Careers: Be portable

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The former president of my college was a well-published economist before he made the transition to administration (a smart financial move, his salary easily tripled). He was also the kindest and most thoughtful college president I've ever met. He was once asked by the junior faculty in the Economics department what his advice would be to faculty before tenure. He said:

Be portable

That comment shocked the junior faculty who expected him to say the usual platitudes about focusing on publishing, teaching, or collegiality (the codeword for making nice with senior faculty). But in retrospect, I think he really struck the core of what junior faculty need to focus on.

In other professions, careers are fairly portable. You can leave one job and get another one fairly easily, often in the same city. No one is expected to have any particular allegiance to their company. In academics, though, the mantra has never been about portability. Tenure is seen as the reward for faith and dedication to a single institution.

Junior faculty need to remember that until they get tenure, the college can dismiss them without any cause at any time. Third year and tenure-reviews are places where things can get particularly nasty. If you commit yourself permanently to your current location as a junior faculty member, you are potentially setting yourself up for severe disappointment. Yes, we all hate moving from one place to another and it does make our partner's careers and our children's education more difficult, but it is better to be prepared than to be unprepared.

You need to be portable. You need to understand that until you have tenure, you are vulnerable. It takes only one senior faculty member on the personnel committee who does not like your attitude, your politics, your dress code, your religion, your sexuality, your theoretical outlook or research topic, etc. is enough to torpedo your career at that institution. And even if your college or state or city has anti-discrimination protection, these are often not effective deterrents. Tenured faculty in colleges get away with behavior that would land them on the street (or in prison) in the business world. If you doubt this, ask senior women, gay or lesbian, or african american scholars. The Committee on Lesbian and Gay Issues in Anthropology (COLGIA) issued this depressing report (PDF) in 1999.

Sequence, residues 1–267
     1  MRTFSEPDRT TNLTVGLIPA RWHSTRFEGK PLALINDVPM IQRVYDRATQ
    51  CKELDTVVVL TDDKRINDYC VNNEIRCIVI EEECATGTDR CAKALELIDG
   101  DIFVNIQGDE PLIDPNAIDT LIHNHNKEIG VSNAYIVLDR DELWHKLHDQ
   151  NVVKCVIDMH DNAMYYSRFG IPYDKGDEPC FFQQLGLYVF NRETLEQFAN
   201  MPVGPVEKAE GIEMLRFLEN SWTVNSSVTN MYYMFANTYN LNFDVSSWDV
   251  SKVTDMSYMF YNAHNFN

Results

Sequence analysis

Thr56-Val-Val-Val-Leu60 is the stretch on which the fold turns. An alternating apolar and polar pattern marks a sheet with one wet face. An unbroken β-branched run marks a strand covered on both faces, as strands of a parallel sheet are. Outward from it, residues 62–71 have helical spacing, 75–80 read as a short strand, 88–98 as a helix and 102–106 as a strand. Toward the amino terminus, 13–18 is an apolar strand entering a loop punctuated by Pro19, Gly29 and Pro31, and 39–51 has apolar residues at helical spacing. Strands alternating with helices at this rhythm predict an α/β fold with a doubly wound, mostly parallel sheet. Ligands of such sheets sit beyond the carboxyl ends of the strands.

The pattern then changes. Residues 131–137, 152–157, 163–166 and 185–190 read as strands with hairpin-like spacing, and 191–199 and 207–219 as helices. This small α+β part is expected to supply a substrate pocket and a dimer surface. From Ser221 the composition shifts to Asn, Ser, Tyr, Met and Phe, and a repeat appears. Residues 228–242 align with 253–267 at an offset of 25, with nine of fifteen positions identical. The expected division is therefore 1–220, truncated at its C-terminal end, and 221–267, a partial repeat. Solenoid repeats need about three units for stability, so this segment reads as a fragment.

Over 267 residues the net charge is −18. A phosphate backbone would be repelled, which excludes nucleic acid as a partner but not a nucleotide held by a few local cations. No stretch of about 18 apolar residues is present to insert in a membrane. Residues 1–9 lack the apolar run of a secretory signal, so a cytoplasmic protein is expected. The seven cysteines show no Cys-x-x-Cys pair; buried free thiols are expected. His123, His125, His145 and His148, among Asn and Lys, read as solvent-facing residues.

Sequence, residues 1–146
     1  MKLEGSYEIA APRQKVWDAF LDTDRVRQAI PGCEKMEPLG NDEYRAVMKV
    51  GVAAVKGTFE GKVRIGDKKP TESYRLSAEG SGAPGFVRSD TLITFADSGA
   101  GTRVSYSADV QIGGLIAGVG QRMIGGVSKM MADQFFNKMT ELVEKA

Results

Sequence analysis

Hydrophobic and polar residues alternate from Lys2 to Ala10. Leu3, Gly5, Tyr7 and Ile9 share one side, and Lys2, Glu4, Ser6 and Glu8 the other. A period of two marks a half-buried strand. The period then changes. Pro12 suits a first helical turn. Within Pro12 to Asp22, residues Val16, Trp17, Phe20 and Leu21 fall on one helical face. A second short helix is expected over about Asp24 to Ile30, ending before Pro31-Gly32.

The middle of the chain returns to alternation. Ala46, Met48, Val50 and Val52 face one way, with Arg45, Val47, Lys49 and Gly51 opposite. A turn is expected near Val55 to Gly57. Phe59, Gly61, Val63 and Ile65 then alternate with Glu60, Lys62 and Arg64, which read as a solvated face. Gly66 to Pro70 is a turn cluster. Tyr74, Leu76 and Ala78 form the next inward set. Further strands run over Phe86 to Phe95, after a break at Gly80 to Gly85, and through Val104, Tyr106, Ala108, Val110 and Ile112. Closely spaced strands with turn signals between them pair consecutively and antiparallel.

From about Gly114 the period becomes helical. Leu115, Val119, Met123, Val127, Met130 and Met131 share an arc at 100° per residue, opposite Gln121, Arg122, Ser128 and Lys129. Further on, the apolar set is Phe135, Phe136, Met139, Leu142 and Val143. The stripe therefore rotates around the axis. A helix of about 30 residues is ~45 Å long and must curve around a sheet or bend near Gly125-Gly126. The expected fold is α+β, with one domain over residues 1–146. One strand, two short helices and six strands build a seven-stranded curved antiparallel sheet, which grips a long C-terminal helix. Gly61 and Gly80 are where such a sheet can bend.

Portability means that your CV should be constantly updated. You need to remain an attractive candidate for other colleges to pick up. You should be publishing actively and attending a variety of conferences. You should have your ears tuned to the job market, sending out applications when positions open up. Depending on your department, you may want operate in stealth mode when doing this and not list other faculty at your college as references (this is a good reason to maintain a presence in national meetings, so other scholars can vouch for you). A sentence in your cover letter stating that you are pre-tenure and would appreciate discretion about your application would be honored by most search committees.

One of my mentors gave me a good piece of advice when I was on the job market: you owe only as much loyalty as you receive. Colleges can and will let junior faculty go for any cause -- including departmental downsizing. Unless they are promising (in writing) that you will have tenure, then you owe it to yourself and to your family to stay portable.

[Read other articles on Careers in Anthropology on]

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This page contains a single entry by Karen Nakamura published on May 5, 2005 3:01 AM.

News: Fewer children on Children's Day was the previous entry in this blog.

Links: anthropology is the next entry in this blog.

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